Father Granada relates that a certain sportsman found a solitary infected with leprosy, singing in his last agony. "How," said the sportsman, "can you sing in such a state?" "Brother," replied the hermit, "between me and God there is nothing but the wall of this body. I now see that my flesh is falling off—that the prison will soon be destroyed, and that I shall go to see my God. It is for this reason that I rejoice and sing." The desire of seeing God made St. Ignatius the Martyr say that if the wild beasts should not take away his life he would provoke them to devour him. St. Catharine of Genoa could not bear to hear death called a misfortune. Hence she would say : "Oh ! beloved death, in what a mistaken light are you viewed ! Why do you not come to me ? I call on you night and day." St. Teresa desired death so vehemently that she regarded the continuation of life as death : hence she composed the celebrated hymn, I die because I do not die. Such is death to the Saints.

Affections and Prayers.
Ah, my supreme good, my God ! if for the past I have not loved Thee, I now turn to Thee with my whole soul. I take leave of all creatures, and choose Thee, my most amiable Lord ! for the sole object of my love. Tell me what Thou wishest from me: I will do all Thou desirest. I have offended Thee enough I wish to spend all the remaining moments of life in pleasing Thee. Give me grace to compensate by my love my past ingratitude, which has continued to this moment. I deserve to burn in the fire of hell for so many years; Thou hast sought after me, and hast drawn me to Thyself. Make me now burn with the fire of Thy holy love. I love Thee, O Infinite Good­ness ! Thou justly claimest all the affections of my heart; for Thou hast loved me more than all others have loved me. Thou alone deservest my love; Thou only do I wish to love. I de­sire to do everything in my power to please Thee. Do with me whatsoever Thou wishest. For me it is enough to love Thee and to be loved by Thee. Mary, my Mother! assist me; pray to Jesus for me.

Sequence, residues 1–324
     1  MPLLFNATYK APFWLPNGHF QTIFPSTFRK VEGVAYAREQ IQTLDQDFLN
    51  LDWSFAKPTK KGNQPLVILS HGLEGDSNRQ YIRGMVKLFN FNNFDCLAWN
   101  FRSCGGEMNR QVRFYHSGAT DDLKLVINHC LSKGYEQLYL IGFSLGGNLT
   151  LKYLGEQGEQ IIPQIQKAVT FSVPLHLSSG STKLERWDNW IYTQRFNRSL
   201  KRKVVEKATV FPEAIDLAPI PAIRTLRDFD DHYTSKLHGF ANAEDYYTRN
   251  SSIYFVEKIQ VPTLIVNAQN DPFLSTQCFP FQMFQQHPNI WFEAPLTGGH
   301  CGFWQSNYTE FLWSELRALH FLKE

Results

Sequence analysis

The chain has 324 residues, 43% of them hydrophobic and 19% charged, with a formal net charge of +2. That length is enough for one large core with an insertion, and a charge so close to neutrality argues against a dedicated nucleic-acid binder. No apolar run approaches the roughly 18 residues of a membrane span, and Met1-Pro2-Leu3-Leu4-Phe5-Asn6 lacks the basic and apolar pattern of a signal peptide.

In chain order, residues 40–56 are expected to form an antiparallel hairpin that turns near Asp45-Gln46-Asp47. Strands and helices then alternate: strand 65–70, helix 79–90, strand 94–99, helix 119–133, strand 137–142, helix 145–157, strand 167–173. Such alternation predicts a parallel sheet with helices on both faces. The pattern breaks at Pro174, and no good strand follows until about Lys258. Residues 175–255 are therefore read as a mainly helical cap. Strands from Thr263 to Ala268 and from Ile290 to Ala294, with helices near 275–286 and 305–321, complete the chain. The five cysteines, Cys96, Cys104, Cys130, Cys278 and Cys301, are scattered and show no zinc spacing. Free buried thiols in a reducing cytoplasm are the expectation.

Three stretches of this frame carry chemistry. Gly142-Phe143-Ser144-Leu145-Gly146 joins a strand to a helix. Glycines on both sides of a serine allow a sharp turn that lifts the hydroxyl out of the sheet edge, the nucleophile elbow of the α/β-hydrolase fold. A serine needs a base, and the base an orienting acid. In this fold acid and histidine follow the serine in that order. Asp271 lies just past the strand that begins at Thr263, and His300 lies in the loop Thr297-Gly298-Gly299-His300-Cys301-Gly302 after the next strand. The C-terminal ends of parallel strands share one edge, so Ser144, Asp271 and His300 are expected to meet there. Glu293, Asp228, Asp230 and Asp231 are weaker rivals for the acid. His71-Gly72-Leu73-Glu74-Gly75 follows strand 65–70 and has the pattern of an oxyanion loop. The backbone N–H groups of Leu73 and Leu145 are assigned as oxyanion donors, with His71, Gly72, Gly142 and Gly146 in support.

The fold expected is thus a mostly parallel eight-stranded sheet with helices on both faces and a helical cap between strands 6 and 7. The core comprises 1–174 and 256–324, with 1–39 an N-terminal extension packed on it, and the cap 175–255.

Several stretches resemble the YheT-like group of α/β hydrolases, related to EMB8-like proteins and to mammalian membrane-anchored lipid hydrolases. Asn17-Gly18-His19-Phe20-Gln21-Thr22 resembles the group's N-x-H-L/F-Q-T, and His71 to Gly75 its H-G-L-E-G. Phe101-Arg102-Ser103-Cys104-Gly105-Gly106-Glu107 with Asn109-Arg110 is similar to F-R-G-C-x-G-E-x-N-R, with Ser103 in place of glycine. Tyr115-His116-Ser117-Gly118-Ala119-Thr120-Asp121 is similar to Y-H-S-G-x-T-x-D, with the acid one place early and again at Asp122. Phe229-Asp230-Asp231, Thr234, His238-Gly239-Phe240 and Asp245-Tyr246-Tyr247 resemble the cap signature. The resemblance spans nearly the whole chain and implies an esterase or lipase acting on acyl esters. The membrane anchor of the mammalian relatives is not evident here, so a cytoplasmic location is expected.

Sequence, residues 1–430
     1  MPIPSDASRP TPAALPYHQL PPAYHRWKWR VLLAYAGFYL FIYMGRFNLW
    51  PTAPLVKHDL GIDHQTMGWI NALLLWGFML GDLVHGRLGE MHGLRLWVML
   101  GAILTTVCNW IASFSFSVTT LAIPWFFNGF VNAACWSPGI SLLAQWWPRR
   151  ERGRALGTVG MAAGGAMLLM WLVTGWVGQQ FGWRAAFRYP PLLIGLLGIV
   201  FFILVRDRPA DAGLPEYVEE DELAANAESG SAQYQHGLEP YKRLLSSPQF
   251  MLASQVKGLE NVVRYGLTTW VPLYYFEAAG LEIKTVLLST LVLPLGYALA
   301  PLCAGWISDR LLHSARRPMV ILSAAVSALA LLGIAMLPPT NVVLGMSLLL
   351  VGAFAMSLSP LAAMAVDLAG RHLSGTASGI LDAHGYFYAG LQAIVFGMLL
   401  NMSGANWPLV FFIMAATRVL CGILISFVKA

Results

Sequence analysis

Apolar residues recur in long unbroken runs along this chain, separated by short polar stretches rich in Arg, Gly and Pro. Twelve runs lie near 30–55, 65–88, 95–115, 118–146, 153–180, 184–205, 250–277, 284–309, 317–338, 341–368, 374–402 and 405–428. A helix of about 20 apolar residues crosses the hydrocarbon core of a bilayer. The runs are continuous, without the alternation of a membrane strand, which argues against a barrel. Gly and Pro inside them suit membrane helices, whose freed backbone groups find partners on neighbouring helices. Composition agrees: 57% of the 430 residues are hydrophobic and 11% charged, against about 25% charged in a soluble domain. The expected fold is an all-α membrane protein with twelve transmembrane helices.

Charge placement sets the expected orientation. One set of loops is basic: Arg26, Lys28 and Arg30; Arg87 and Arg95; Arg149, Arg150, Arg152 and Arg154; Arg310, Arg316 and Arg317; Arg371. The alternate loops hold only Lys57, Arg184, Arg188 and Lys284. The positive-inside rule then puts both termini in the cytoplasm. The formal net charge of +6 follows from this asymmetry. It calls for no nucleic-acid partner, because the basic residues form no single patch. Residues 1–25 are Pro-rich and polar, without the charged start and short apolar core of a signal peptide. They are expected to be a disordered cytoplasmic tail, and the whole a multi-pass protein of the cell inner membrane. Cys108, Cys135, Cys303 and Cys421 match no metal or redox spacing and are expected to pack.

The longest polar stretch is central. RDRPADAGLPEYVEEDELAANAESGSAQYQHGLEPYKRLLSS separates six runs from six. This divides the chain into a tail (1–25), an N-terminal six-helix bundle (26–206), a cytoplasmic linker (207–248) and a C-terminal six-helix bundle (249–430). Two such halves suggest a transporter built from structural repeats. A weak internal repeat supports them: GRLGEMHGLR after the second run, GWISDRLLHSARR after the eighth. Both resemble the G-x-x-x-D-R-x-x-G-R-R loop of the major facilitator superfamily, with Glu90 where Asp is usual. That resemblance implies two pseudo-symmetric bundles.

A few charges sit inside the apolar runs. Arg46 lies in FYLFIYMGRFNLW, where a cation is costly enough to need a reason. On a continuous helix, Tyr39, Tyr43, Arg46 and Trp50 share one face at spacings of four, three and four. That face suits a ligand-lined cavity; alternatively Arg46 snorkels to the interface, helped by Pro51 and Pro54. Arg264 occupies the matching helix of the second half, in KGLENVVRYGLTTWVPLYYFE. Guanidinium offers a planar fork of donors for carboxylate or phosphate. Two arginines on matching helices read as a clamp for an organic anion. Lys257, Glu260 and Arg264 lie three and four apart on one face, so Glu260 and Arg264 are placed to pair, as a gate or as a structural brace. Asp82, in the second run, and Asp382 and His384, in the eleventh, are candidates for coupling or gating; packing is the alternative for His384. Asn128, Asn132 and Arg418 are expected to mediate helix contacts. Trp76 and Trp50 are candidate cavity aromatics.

THIRD POINT.
The Just in Dying have a Foretaste of Celestial Joy.
And how can he fear death, says St. Cyprian, who hopes to receive a kingly crown in Paradise! " Let us not be afraid to be put to death when we are certain that we shall be crowned after death" (Epis. Ad Thibar.). How can he fear death when he knows that by dying in the state of grace his body will become immortal ? This mortal must put on immortality (1 Cor. xv, 55). He that loves God and desires to see him, regards life as a punishment and death as a source of joy, says St. Augustine. And St. Thomas of Villanova says that death, if it finds a man sleeping, comes like a thief, robs him, kills him, and casts him into the pit of hell. But if it finds him watching, it comes as an am­bassador from God, and salutes him, saying: " The Lord expects you to the nuptial feast: come ; I will conduct you to the happy kingdom for which you sigh."